Jeff, you are not an expert in video surveillance (just like I am not an expert in intrusion). The difference is I recognize and respect the complexity in different domains.

The fact that you cite the books you did (e.g., the Caputo one and the PoA) shows that not only are you not an expert in video surveillance, you do not even have a sense of what one needs to know to be an expert in this domain.

Authoritative in what? Certainly not in video surveillance.

There are over 30,000 members in ASIS International. However, with a broad stroke of the IPVM brush, and according to you, no one is authoritative.

The books that I referenced were an exemplar of what ASIS International offers, it does not matter when they were published.

Then in a leap of logic, and according to you, the books prove something far different and inure to me. Surely, this does not past muster under the scientific method or any recognized methodology.

As to your expertise, have you ever testified in trial and been qualified as an expert in anything? In other words, stating your position from Hawaii without ever being cross examined or vetted by a court is quite comfortable. At the same time, having undisclosed persons chime in may be acceptable to IPVM, but, in the real world, it works much differently. Unlike IPVM, there are organizations like ASIS International who have a broad array of expert members, who not only speak, but can actually provide back up to what they posit in all disciplines of Security, including video surveillance; and none of them are undisclosed.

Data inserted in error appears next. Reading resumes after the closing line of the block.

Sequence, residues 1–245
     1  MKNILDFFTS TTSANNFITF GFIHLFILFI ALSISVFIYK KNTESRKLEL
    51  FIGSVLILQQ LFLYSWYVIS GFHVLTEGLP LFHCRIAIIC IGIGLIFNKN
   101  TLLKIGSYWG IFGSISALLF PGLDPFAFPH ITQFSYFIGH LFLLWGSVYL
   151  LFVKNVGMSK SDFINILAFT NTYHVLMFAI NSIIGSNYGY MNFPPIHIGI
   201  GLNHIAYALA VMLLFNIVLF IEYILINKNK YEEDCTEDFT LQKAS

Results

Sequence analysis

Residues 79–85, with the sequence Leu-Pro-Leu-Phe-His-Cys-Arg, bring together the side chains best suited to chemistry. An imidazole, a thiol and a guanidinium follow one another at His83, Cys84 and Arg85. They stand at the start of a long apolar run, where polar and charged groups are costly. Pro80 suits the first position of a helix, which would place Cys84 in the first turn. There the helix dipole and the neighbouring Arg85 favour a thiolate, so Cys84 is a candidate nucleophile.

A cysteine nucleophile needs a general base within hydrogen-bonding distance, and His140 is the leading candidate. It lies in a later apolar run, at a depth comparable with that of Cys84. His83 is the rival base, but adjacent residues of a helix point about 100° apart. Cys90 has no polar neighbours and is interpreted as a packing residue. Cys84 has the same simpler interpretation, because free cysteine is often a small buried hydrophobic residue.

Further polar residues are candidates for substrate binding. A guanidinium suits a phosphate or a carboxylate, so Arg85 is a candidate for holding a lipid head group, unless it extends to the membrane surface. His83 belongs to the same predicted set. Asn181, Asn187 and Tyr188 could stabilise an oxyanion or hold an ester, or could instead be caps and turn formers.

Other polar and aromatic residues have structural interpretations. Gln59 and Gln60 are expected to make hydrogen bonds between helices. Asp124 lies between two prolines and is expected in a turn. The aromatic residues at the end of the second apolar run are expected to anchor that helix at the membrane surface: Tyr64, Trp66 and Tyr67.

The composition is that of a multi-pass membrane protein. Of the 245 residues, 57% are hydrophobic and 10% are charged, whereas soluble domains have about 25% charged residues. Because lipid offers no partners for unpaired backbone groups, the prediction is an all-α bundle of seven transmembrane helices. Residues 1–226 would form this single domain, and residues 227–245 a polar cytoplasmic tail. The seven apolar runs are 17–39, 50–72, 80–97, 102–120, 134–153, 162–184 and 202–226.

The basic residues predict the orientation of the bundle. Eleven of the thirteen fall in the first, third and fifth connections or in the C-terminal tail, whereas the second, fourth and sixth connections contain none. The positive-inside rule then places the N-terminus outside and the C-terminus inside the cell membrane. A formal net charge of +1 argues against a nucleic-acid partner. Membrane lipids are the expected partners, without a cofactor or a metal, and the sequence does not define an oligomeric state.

Your utter non-response to contact ASIS International and debate me at a ASIS Internattional conference as I elaborated to you earlier speaks volumes to the value of your pontificating.

The books that I referenced were an exemplar of what ASIS International offers, it does not matter when they were published.

It is a very fundamental point. Technology changes. Resources that are out of date, even if they were once 'expert', are no longer.

Jeff, if you really think it does not matter when a technology book was published, there is no point in discussing further.

John:

The salient point is that there are video surveillance experts who are members of ASIS International. What I directed you to was an exemplar of the publications which ASIS International has at its bookstore. No one is disputing that technology changes. Please respond to the information listed below:

[Second Request]

As to your expertise, have you ever testified in trial and been qualified as an expert in anything? In other words, stating your position from Hawaii without ever being cross examined or vetted by a court is quite comfortable. At the same time, having undisclosed persons chime in may be acceptable to IPVM, but, in the real world, it works much differently. Unlike IPVM, there are organizations like ASIS International who have a broad array of expert members, who not only speak, but can actually provide back up to what they posit in all disciplines of Security, including video surveillance; and none of them are undisclosed.